@EricAsimov on Twitter tipped me off about this article (LINK) by Sarah Miller on the Kitchenette Blog about the VOX video (see below) that has been circulating on the internet recently. The video says that Expensive Wine is for Suckers and features a tasting panel by a few folks at VOX of three Cabernet Sauvignons from different price points. They all liked the cheap one, ergo, expensive wines are for suckers.
Sarah Miller’s hilarious blog post in response (CAUTION: ADULT LANGUAGE!!!) takes VOX and the host of others who blithely support their findings to task in a very significant and entertaining way. It’s a long read, but, IMHO, worth it. First, here is the video:
And here is my take.
I agree with MIller in the basic premise of her post – that there is no definitive line that says what wine is good and what wine is bad; that less expensive wines from large producers tend to be altered with additives to create something other than what the and grapes and terroir might have created on their own; and that the way we appreciate wine changes with greater knowledge and experience.
Since wine enjoyment is so subjective, each individual will find that his or her experience differs from others’, including many or all of the “experts” in the wine media. This is not unusual, as pointed out in the article – the masses often desire the simplest types of foods, drinks, music and movies. Thus the more expensive wines, those that represent higher quality fruit and true wine making craftsmanship, will tend to be appreciated by smaller numbers of people – more complexity = fewer adherents.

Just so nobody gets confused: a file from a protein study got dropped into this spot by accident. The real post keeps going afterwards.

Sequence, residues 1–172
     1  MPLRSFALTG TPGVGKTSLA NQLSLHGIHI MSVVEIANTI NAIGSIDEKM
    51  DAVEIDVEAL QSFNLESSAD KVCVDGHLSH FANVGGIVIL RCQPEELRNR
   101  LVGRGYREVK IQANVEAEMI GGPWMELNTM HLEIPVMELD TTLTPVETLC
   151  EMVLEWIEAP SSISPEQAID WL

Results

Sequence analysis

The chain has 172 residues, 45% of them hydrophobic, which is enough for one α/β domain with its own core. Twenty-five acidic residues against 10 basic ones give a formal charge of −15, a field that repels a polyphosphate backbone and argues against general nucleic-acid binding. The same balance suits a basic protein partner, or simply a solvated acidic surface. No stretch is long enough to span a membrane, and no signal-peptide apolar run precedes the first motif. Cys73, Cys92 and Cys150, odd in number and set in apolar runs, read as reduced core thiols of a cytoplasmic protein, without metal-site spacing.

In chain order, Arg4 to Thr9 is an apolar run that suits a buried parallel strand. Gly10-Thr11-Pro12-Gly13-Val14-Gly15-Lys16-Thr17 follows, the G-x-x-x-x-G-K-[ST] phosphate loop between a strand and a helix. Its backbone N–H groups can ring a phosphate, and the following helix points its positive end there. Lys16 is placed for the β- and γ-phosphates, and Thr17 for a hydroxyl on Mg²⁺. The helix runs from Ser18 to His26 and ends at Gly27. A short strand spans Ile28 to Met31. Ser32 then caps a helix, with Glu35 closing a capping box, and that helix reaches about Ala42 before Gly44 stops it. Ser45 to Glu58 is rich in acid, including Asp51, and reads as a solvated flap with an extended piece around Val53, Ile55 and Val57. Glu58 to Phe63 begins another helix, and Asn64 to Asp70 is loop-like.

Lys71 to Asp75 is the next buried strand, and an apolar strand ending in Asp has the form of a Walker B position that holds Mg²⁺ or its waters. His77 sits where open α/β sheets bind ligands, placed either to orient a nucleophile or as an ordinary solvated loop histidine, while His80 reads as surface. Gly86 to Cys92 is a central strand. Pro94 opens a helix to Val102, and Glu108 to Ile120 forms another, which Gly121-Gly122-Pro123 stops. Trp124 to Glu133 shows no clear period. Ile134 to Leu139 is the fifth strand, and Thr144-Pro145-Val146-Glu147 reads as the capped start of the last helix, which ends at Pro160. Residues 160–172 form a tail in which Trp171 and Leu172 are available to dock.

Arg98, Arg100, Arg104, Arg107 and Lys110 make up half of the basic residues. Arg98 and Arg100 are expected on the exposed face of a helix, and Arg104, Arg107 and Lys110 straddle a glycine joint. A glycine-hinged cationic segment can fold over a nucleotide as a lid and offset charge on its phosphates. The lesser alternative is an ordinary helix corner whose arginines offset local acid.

Here is a quote from the article: “Back to the whole cheap wine versus expensive wine thing. Cheap wine is awful. It used to taste like vinegar, and now, more often than not, it tastes like pancake syrup. It is made quickly and with little care. The grapes in it are often too ripe or not ripe enough. Good wine tastes like violets and flowers and fruit and spices and being blown away by it is an experience you are not required to have—but you should believe that it exists, because it does. Yes, of course, there are good wine values and bad ones. There is no one in the wine industry with a brain who thinks that every single bottle of $40 wine is universally better than every single bottle of $18 wine, or that every single person will like a $40 bottle better than a $8 one. As Schneider (a sommelier quoted in the article) pointed out, we aren’t robots.”
The philosopher Ken Wilber writes about the concept of span versus depth: the greater the span of something, the less depth and vice versa. A fast food restaurant will sell many more meals in a day than a fine dining restaurant; an action film with lots of explosions and little if any plot will out draw a character-driven film based on fine literature. Why should wine appreciation be any different?
If you like cheap wine, drink cheap wine. If you like expensive wine, drink that. But I suggest that you not let price, or ratings points, or labels, or other external factors be anything more than suggestions for you. If you are new to wine, find out what you like and drink that. Perhaps you will want to explore other types of wine over time; perhaps you will want to learn more about wines and wine making and that will influence what you drink.
My only caution, as I have stated in other posts, is to watch those really cheap wines produced in large quantities, as they are, more often than not, made with a lot of additives that you do not know about and that may not be good for you. The amount and type of additives tends to change and lessen as the price point of wines goes up, but not in an absolutely predictable fashion. Someday, stricter labeling requirements(LINK TO A GOOD ARTICLE) may help with this issue, but for now, you are pretty much on your own.